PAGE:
A great joy of the National Portrait Gallery re-opening in 2023 after its monumental renovations is not just to view the permanent collection in its splendidly revamped home, but the opportunity to see new works. Portrait photographers aspire above all to the Taylor Wessing prize. In the interim the prize winners’ exhibition was relocated to Cromwell Place Galleries in South Kensington. So a big welcome back to the Taylor Wessing Prize at NPG in St Martin’s Place, just north of Trafalgar Square. It showcases talented young and established photographers and celebrates a diverse range of images.
Taylor Wessing Prize Photography Prize at National Portrait Gallery
15th November 2023
The acclaimed portrait photography competition, Taylor Wessing Photo Portrait Prize, has returned to its home in 2023 at the National Portrait Gallery after three years. SPHERE’s Lisa Barnard attended the preview, met several of the portrait photographers and is moved by the portraits and the stories behind them. She even met a portrait subject and had orange boots to match. Here is the SPHERE selection.
You are never quite sure what you will see when you view prize winners of a photographic competition and other selected. Photographers are invited to submit a body of work and in the final exhibition, it may be one work only or a few on display. In this exhibition there are 54 works by 25 artists, so you can do the maths on the average.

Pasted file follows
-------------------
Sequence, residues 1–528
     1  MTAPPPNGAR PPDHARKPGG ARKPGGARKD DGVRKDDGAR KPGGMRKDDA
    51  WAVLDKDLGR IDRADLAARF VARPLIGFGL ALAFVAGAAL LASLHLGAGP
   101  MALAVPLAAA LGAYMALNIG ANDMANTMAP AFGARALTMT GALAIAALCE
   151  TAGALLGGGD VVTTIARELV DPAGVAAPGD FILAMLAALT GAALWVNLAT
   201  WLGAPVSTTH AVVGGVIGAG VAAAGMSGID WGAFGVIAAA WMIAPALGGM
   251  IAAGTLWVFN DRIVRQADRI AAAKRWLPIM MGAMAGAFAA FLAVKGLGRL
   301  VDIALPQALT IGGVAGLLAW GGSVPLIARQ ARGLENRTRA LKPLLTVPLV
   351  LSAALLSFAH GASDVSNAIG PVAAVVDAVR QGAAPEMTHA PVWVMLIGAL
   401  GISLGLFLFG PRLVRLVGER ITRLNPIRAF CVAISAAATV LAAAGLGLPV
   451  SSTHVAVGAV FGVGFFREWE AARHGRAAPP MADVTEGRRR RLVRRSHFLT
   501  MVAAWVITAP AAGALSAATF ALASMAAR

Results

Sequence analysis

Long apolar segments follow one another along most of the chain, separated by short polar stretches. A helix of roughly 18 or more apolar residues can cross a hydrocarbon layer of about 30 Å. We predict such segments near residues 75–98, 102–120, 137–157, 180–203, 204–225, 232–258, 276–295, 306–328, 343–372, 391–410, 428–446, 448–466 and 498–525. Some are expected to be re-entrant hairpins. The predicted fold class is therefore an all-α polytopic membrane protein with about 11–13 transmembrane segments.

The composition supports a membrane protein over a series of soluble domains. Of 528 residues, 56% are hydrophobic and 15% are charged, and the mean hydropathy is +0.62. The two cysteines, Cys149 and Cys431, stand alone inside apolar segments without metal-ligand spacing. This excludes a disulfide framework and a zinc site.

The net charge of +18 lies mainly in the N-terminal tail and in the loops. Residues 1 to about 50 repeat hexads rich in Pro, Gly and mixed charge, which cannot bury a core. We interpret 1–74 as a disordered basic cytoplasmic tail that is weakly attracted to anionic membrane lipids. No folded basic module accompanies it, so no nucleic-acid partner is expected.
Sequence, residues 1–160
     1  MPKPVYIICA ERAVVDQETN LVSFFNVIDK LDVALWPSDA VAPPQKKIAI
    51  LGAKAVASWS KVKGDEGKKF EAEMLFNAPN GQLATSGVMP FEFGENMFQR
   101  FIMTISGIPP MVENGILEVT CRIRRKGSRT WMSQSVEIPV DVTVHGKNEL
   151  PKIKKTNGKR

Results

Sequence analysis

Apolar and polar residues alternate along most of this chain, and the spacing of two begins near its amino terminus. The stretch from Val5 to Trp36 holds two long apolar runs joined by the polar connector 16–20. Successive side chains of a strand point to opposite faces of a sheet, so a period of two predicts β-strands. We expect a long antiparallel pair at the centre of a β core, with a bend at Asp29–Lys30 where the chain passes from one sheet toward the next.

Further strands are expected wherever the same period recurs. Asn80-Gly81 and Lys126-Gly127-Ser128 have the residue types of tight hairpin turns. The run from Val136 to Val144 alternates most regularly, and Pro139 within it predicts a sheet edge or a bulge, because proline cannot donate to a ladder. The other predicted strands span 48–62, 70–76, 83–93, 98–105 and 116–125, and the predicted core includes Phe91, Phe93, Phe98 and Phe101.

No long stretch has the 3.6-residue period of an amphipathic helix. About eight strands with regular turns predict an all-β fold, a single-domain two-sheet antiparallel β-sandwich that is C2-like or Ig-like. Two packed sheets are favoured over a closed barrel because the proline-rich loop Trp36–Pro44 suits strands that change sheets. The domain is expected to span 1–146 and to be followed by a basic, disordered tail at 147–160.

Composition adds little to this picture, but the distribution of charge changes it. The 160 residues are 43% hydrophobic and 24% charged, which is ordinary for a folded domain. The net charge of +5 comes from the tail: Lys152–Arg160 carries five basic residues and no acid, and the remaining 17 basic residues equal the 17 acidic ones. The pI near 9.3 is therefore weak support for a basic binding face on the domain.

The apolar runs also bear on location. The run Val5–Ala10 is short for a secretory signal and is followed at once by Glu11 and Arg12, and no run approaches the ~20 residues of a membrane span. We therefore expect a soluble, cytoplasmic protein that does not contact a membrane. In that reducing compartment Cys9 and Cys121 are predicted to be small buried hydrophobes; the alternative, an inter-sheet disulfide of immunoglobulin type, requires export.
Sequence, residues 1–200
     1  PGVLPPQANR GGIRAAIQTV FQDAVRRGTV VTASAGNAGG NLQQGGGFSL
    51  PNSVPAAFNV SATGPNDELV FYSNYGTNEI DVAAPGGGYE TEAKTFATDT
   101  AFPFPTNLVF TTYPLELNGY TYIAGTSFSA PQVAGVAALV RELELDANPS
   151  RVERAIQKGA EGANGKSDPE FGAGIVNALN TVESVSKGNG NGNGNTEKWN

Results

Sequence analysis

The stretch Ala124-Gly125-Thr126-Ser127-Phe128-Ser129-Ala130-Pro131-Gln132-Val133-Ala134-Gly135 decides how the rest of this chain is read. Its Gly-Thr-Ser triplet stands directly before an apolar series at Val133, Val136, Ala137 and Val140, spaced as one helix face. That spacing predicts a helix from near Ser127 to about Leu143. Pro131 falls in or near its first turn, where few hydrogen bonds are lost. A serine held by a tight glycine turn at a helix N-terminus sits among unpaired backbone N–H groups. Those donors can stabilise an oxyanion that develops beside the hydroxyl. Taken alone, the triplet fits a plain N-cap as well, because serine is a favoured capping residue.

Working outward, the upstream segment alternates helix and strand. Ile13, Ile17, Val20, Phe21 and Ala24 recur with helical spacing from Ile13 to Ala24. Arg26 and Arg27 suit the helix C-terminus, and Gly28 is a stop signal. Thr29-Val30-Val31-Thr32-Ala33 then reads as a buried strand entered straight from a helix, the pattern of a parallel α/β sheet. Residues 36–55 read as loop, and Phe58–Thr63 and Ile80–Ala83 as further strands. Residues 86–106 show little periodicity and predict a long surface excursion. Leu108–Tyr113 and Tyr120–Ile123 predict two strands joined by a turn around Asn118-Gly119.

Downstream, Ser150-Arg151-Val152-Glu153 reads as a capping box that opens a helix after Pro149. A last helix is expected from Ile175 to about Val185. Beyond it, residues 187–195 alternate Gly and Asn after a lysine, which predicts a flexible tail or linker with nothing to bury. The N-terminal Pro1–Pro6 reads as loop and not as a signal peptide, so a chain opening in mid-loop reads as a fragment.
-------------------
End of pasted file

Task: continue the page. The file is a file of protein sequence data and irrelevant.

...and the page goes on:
It also makes a very neat size for an exhibition in two interconnecting rooms you can circle through at NPG. I admired the prize winners: First Prize, Alexandre Silberman, Diena; Second Prize: Gilleam Trapenberg, Kisha and LaDaarayon; Third Prize Jake Green, Shaun Ryder and Carl Francois van der Linder, Chofu Lal Upside Down.
In addition to the prize-winners, I loved seeing the works of the photographers who captured so many topical subjects, from motherhood, to mental health, to displacement, to revealing self-portraits. It is an emotive journey through humanity, captured by artists. It was special so many were present when I visited and I had a chance to meet them.
It is rare that one orange-booted person meets another orange-booted person. I am the former and the latter was the subject of a portrait displayed. Our photo was taken by the photographer Roo Lewis of the image. So that’s me with the inimitable orange-clad Captain Beany, who is the curator of the world’s first baked bean museum in Port Talbot in Wales. He has many tales to tell. The photographer Roo Lewis.
Other highlights for me: the self-portrait by Jenny Lewis, so honest, raw and stripped back. I loved meeting this woman, who was genuine in her warmth and And Abraham aboard the MV Ilala, Lake Malawi by Theodore Clark. Theodore, present at the exhibition and photographed here, told me the moving story of how this series happened. It’s not complete. Stay tuned.